There are days when it feels pretty lonely in the zone of being a scientist, and actually remarking that it may be larger social forces and physics are doing science and scientists no favors. Then along comes no one less in stature than Avi Loeb, astrophysicist and Chair of the Astronomy Department at Harvard. If there’s two areas of research that get a pass on musing about how messed up we are, it’s particle physicists and astrophysicists — their stature is that high. And with his Harvard and National Academy pedigree, Avi sports the trifecta at the start of the argument. He’s recently gained notoriety with his belief that the oddly shaped meteor, Oumuamua, stating that he thinks it is likely artificial, and a light sail from a galactic civilization from long ago.
But Avi doesn’t argue from the standpoint of “I’m a famous Harvard astrophysicist — listen to me.” Nope. He says “consider the evidence, and considering how difficult it is to collect the evidence, back an observation up with a potentially causal hypothesis that captures a larger dynamic.” Now we’re memetically talking. And he talks extensively about this in this piece in Scientific American.
It makes me think I need to add one more person to my “most like to have lunch with” list. I think that Avi’s likelihood of learning about my work on structural memetics is probably on par with establishing definitive evidence that space aliens are among us, or me actually having lunch with the ghost of Antoine de St. Exupery, the other person on my list. Which, in a curious way, says something about how the War of Ideas goes. I keep going back to the famous quote by Max Planck (a particle physicist) saying “Science advances one funeral at a time.” Avi’s got friends in low places. Like Pullman, WA.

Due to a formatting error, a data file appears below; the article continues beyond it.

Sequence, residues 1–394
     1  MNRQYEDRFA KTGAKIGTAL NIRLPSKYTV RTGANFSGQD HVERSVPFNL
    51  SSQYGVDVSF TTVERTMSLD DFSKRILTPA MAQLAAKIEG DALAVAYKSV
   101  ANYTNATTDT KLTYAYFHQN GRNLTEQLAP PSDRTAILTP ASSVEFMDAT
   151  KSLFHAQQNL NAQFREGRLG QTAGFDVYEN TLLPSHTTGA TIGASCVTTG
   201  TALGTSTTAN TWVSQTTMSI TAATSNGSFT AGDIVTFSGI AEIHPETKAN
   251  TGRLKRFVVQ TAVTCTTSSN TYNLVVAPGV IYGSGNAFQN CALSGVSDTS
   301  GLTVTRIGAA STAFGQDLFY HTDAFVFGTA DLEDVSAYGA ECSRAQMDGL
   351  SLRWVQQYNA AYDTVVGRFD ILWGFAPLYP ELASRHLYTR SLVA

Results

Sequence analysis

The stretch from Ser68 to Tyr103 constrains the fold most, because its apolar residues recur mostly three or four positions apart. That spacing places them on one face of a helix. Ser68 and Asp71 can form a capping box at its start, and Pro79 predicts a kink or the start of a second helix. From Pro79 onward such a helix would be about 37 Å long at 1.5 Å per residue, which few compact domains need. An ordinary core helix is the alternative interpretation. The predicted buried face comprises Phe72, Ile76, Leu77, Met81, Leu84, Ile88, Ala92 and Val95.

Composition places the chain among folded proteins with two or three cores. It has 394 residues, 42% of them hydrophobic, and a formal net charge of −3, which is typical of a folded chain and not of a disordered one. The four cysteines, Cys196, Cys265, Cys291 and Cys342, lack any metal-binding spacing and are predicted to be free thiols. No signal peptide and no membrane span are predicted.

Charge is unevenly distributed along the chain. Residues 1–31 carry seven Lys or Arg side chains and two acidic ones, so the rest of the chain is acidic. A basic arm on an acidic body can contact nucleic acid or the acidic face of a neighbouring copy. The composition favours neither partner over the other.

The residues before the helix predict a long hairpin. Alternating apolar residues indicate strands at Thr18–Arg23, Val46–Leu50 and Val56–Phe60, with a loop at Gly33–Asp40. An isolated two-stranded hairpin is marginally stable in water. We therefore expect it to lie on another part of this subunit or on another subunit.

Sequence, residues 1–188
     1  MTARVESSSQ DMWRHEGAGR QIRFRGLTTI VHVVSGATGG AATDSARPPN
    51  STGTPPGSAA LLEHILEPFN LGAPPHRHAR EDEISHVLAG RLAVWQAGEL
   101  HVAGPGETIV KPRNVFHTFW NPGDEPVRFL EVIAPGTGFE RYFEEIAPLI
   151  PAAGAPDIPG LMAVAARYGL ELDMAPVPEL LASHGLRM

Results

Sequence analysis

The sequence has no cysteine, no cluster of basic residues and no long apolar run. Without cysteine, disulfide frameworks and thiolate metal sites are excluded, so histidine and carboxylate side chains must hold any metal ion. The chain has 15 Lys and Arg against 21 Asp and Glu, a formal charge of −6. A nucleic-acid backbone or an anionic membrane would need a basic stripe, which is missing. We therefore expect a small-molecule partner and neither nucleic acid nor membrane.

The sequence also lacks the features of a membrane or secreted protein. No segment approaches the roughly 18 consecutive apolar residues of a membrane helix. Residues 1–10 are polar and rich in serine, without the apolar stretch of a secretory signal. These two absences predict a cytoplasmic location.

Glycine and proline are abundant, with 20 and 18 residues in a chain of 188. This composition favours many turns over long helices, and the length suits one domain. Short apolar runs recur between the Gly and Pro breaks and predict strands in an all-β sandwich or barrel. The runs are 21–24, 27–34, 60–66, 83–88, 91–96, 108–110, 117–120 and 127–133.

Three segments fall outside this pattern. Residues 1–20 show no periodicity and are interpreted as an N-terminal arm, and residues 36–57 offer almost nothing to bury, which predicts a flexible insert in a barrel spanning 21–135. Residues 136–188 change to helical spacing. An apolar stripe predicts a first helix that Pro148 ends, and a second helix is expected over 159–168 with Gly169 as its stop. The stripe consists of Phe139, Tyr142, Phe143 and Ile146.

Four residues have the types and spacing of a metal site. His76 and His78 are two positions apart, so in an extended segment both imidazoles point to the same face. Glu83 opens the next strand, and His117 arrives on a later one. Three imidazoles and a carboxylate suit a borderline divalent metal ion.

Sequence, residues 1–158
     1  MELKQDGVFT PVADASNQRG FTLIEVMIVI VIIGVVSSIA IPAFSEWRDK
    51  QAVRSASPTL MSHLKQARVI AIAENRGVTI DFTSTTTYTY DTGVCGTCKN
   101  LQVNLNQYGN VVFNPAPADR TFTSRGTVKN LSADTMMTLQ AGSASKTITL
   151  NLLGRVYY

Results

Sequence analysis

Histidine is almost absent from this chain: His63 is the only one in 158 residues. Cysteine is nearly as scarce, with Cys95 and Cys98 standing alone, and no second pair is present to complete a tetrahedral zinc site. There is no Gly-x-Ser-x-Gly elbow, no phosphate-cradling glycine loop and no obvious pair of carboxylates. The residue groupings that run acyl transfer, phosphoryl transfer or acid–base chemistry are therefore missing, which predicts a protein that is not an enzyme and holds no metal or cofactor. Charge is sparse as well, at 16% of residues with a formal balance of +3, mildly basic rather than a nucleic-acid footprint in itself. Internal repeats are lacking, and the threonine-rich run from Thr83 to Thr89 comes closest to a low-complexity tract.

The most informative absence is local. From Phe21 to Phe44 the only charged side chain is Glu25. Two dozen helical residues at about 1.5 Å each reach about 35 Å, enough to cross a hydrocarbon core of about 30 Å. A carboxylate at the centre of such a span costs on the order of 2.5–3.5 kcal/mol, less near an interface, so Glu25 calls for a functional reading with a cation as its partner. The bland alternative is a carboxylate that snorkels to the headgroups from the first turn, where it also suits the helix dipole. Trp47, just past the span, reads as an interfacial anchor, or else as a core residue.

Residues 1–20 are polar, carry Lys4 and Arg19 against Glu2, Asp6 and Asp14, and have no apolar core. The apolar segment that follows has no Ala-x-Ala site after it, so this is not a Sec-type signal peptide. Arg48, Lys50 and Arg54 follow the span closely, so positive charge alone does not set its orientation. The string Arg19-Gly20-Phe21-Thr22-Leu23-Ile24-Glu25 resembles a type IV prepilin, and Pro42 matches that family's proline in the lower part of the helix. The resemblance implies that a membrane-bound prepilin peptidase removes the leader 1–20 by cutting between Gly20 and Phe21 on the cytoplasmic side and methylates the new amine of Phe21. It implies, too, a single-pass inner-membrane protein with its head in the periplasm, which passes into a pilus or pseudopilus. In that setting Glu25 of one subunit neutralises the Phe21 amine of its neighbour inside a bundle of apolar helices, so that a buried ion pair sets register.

Too many scientists are now mostly motivated by ego, by getting honors and awards, by showing their colleagues how smart they are. They treat science as a monologue about themselves rather than a dialogue with nature. They build echo chambers using students and postdocs who repeat their mantras so that their voice will be louder and their image will be promoted. But that’s not the purpose of science. Science is not about us; it’s not about empowering ourselves or making our image great. It’s about trying to understand the world, and it’s meant to be a learning experience in which we take risks and make mistakes along the way. You can never tell in advance, when you work on the frontier, what is the right path forward. You only learn that by getting feedback from experiments.